“AI can be used to supercharge censorship, surveillance, and the creation and spread of disinformation,” said Michael J Abramowitz, president of Freedom House. “Advances in AI are amplifying a crisis for human rights online.”
By some estimates, AI-generated content could soon account for 99 per cent or more of all information on the internet, overwhelming content moderation systems that are already struggling to keep up with the deluge of misinformation, according to tech experts.
Generative AI-based tools were used in at least 16 countries to distort information on political or social issues over the period June 2022 to May 2023, the Freedom House report said, adding that the figure is likely an undercount.
“Generative AI offers sophistication and scale to spread misinformation on a level that was previously unimaginable – it is a force multiplier of misinformation,” said Karen Rebelo, deputy editor at BOOM Live, a fact-checking organisation based in Mumbai.
While AI is a “military-grade weapon in the hands of bad actors”, Rebelo said Indian political parties and their proxies are the biggest spreaders of misinformation and disinformation, and it is not in their interest to regulate AI.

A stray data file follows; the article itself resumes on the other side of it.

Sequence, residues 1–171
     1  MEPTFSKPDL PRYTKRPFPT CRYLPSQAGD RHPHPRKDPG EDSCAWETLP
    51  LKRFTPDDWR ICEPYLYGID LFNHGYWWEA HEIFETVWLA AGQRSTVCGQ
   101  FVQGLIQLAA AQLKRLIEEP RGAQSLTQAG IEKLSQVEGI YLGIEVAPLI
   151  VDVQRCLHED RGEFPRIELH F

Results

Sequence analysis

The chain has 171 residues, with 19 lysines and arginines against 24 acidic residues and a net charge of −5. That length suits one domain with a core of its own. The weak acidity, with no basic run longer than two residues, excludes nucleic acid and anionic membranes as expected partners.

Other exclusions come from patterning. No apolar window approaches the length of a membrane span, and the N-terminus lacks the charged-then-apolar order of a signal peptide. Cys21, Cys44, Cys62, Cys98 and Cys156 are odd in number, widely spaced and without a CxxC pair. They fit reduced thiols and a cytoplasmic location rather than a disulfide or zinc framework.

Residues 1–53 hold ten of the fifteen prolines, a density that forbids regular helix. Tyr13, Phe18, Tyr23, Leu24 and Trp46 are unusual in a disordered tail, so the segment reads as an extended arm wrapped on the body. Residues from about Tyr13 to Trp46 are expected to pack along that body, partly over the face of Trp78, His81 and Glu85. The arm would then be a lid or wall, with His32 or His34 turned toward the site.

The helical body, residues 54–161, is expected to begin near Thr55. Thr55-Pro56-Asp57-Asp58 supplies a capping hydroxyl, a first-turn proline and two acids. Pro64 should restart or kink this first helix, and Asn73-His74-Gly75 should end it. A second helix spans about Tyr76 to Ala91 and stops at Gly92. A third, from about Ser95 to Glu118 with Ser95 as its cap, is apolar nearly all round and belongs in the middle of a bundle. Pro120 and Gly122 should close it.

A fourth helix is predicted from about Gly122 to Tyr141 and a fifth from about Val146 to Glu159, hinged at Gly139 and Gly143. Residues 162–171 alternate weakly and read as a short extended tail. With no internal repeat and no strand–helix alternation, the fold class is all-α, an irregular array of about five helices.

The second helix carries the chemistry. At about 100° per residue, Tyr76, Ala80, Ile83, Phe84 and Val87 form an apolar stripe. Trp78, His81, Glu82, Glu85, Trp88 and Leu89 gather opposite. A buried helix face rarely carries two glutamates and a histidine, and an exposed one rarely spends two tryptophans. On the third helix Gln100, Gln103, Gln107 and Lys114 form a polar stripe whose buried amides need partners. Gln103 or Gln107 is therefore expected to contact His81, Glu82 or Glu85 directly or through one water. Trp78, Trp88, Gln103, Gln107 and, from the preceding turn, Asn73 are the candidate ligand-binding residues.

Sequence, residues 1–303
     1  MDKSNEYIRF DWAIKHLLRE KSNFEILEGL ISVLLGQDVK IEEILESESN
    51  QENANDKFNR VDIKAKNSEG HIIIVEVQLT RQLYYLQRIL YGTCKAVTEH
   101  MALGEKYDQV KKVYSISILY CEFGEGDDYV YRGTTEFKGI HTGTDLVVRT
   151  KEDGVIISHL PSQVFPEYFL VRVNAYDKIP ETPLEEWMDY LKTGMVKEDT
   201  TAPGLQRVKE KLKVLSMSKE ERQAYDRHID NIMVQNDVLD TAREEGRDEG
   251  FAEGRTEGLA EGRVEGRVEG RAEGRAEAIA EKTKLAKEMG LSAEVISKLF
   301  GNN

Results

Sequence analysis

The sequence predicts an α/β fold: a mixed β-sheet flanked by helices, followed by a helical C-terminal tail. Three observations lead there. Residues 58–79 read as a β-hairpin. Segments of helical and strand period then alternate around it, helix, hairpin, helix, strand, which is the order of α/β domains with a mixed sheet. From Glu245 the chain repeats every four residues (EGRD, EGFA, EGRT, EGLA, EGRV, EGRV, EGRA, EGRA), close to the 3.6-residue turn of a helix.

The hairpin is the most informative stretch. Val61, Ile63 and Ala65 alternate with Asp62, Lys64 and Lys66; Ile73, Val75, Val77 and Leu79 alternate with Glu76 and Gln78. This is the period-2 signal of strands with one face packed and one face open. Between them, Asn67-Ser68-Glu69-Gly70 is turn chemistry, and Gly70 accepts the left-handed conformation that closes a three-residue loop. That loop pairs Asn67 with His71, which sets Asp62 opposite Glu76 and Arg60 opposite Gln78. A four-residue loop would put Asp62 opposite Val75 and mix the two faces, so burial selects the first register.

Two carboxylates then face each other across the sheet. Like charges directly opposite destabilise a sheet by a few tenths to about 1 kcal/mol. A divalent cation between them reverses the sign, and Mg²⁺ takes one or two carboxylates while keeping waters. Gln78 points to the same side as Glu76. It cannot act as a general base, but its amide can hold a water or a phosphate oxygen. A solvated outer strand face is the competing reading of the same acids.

Even if deepfakes are quickly exposed, they can “undermine public trust in democratic processes, incentivise activists and journalists to self-censor, and drown out reliable and independent reporting”, the report said.
“AI-generated imagery … can also entrench polarisation and other existing tensions. In extreme cases, it could galvanise violence against individuals or whole communities,” it added.
For all its pitfalls, AI technology can be enormously beneficial, according to the report, so long as governments regulate its use and enact strong data privacy laws, while also requiring better misinformation-detection tools and safeguards for human rights.
“When designed and deployed safely and fairly, AI can help people evade authoritarian censorship, counter disinformation and document human rights abuses,” said Allie Funk, Freedom House’s research director for technology and democracy.
For example, AI is being increasingly used in fact checking and to analyse satellite imagery, social media posts and images to flag human rights abuses in conflict zones.
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